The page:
|Creation Date||Click Relative date to
specify a point in time or a time range that corresponds to the time
the query is run.
When you use the after (including) or before (including) operator, the variable returns the time that the query is run plus the offset. For example,
the is and is not operators,
the point in time is calculated as described for the Planned
For attribute, but the variable returns a time range that
includes that point in time and uses the time unit that you select.
For example, if today is 3 November 2015, the query conditions that
are listed next have the following meanings.
Note: There is no time zone correction for the client when you run the following query:
Parameter variables are a special type of variable feature that makes queries more flexible by promoting reuse across contexts and users. A parameter variable is a condition that allows users to choose its values each time they run the query, which enables reusing a query in different contexts. For example, queries with changing user groups, date ranges, work item relationships, and severities can be consolidated by using parameter variables. When a condition in a query is known to change across query calls, it is advantageous to define it as a parameter variable.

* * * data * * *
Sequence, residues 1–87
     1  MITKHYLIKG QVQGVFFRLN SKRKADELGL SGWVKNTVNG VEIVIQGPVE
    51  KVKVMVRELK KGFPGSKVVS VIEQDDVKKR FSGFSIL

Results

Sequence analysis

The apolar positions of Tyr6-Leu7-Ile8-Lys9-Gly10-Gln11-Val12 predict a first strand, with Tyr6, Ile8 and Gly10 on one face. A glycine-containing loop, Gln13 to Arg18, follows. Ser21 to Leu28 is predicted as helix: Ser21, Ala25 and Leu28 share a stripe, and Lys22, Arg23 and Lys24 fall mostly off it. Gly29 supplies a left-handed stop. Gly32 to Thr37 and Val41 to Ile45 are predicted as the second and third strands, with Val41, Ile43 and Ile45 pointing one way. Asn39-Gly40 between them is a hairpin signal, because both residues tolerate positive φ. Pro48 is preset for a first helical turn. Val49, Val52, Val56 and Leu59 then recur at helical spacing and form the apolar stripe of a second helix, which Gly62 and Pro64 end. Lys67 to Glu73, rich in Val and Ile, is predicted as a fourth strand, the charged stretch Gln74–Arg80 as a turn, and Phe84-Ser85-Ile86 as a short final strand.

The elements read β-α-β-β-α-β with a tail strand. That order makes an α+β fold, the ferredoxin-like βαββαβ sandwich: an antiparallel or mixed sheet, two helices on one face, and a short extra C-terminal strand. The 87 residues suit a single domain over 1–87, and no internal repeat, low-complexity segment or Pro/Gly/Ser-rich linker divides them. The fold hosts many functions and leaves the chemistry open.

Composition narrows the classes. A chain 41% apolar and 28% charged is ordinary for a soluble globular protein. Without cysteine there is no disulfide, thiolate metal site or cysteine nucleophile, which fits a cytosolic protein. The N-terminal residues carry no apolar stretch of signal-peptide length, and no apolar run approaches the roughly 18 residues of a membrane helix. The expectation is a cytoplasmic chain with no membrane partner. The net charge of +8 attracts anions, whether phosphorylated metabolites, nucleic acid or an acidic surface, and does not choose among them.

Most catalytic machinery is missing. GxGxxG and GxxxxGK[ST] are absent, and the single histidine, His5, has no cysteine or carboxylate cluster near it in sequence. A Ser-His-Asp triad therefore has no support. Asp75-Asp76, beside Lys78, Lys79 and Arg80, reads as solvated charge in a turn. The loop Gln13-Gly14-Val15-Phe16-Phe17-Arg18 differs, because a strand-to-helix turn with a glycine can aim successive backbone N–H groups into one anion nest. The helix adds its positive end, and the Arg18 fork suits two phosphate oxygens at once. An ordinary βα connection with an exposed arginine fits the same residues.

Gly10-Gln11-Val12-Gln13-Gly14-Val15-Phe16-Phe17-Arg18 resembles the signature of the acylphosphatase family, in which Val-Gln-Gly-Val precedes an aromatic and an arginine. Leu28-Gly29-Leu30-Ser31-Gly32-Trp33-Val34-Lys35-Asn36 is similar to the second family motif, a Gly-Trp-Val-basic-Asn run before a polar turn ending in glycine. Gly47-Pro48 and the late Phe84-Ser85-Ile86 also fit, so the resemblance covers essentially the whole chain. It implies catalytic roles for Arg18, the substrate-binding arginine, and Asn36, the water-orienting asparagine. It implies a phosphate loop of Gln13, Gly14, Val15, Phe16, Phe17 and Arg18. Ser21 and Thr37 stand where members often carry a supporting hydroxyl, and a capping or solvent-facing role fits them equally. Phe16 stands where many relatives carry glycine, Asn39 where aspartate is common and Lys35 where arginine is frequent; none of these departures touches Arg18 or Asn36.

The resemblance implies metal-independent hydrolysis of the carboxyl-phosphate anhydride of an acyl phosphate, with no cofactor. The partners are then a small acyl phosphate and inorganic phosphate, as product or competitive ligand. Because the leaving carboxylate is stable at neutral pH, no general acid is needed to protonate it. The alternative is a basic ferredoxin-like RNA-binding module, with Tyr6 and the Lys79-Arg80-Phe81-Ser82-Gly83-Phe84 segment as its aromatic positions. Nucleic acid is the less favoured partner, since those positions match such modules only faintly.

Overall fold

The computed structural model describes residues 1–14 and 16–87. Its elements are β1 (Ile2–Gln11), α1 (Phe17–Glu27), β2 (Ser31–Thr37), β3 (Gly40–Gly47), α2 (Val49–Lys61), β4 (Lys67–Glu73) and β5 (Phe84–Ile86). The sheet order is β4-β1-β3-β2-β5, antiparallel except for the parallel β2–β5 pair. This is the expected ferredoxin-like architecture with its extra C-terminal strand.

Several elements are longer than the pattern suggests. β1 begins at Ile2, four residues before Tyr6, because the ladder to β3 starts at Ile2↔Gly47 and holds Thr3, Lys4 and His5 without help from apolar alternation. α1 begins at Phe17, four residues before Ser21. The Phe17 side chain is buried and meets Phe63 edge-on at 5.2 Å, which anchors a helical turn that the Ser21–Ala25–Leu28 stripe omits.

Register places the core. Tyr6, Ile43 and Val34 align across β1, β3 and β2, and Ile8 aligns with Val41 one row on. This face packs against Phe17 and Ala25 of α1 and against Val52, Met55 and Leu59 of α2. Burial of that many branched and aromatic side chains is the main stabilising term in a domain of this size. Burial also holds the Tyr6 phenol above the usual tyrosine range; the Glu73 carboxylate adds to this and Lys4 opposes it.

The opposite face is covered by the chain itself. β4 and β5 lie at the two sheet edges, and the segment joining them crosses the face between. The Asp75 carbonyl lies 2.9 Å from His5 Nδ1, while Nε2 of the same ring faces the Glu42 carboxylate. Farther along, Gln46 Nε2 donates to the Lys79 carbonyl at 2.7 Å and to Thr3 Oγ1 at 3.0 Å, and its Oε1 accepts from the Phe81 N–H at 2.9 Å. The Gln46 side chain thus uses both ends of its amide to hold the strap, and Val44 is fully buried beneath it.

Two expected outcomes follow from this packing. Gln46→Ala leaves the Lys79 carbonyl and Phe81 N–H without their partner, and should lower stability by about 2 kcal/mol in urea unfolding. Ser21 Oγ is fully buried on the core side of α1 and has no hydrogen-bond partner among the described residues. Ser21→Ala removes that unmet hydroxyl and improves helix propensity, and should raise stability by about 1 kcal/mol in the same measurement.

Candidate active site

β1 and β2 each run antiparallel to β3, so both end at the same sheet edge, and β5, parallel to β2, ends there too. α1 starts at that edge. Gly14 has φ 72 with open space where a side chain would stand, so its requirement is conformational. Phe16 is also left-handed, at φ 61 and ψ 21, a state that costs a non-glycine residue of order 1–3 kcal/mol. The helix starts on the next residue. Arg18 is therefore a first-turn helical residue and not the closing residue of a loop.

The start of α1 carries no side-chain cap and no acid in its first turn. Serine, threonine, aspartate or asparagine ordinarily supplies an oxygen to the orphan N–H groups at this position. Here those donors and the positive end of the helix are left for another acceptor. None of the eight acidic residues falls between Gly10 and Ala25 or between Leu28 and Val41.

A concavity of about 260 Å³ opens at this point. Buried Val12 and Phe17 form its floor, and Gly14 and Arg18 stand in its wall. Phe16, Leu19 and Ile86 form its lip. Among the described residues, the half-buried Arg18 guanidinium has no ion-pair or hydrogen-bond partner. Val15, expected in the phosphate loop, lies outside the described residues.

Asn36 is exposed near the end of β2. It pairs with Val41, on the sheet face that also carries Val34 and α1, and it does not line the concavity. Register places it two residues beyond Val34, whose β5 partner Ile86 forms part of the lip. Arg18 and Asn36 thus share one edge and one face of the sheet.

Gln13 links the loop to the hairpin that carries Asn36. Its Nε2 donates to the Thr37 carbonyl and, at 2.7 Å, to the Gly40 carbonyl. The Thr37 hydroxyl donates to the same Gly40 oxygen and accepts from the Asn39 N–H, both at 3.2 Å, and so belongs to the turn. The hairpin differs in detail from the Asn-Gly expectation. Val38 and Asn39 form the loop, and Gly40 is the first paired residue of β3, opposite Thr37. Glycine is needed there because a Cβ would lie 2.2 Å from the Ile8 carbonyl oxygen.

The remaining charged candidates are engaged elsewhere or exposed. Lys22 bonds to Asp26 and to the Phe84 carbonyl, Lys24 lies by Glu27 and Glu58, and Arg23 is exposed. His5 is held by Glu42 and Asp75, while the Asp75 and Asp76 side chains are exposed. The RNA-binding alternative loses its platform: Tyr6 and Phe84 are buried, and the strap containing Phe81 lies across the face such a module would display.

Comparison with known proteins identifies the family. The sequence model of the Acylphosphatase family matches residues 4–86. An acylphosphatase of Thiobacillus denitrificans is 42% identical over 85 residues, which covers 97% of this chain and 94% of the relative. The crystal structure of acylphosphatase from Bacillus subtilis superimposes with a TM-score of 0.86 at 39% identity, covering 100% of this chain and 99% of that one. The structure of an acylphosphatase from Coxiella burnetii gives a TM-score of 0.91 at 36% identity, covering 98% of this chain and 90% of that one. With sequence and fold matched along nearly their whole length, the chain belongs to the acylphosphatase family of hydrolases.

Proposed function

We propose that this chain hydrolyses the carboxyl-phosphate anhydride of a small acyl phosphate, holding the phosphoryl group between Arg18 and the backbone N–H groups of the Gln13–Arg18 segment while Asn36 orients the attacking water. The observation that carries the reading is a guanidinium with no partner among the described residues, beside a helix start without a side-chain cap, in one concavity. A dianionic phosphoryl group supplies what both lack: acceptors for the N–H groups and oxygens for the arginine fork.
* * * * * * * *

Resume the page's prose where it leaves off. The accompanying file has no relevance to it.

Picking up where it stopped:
For example, a query that finds
All stories that are resolved by prompts for a IBM® Engineering Workflow
Management user and
some text input before the query runs.
Example 5: Running a parameterized query on the Resolved By and Full Text attributes
You do not need to provide values for all parameter variables. If you do not provide a condition value, the condition is ignored and the query runs without it, just like queries that you run from the query editor.
- Created By me with $Severity and $Priority...
- Resolved By $Team in $DateRange...
- Open SCM work items by $Tag...
- All Resolved By $User...
- All open dashboard widget work items by $Severity, $Priority, and $Type...
Engineering Workflow Management appends an ellipsis (...) after the names of parameterized queries in the user interface to indicate that you need to provide further input before the query runs.
The Unassigned value
Some work item attributes can be empty or have an Unassigned value that is not part of the attribute's configurable value set. The Unassigned check box, which is in the variables area for an attribute, enables querying for this empty value. You can find examples of the Unassigned value in the Owned By and Planned For attributes. By selecting the Unassigned value, you can create a query for work items with no owners set or that are not planned for an iteration.
Example 6: The Unassigned value in the Owned By and Planned For attributes
Attribute groups (Eclipse client only)
You can use attribute group controls to specify a condition for a set of attributes of the same type without having to add them individually and select the same values for each of them. Attribute groups exist for User and Timestamp attributes. You join the individual attribute conditions by using OR.
Example 7: An attribute group for the User attribute
the example, the User attribute condition is
set to find
work items that are created by, modified by, owned
by, OR resolved by the current authenticated user.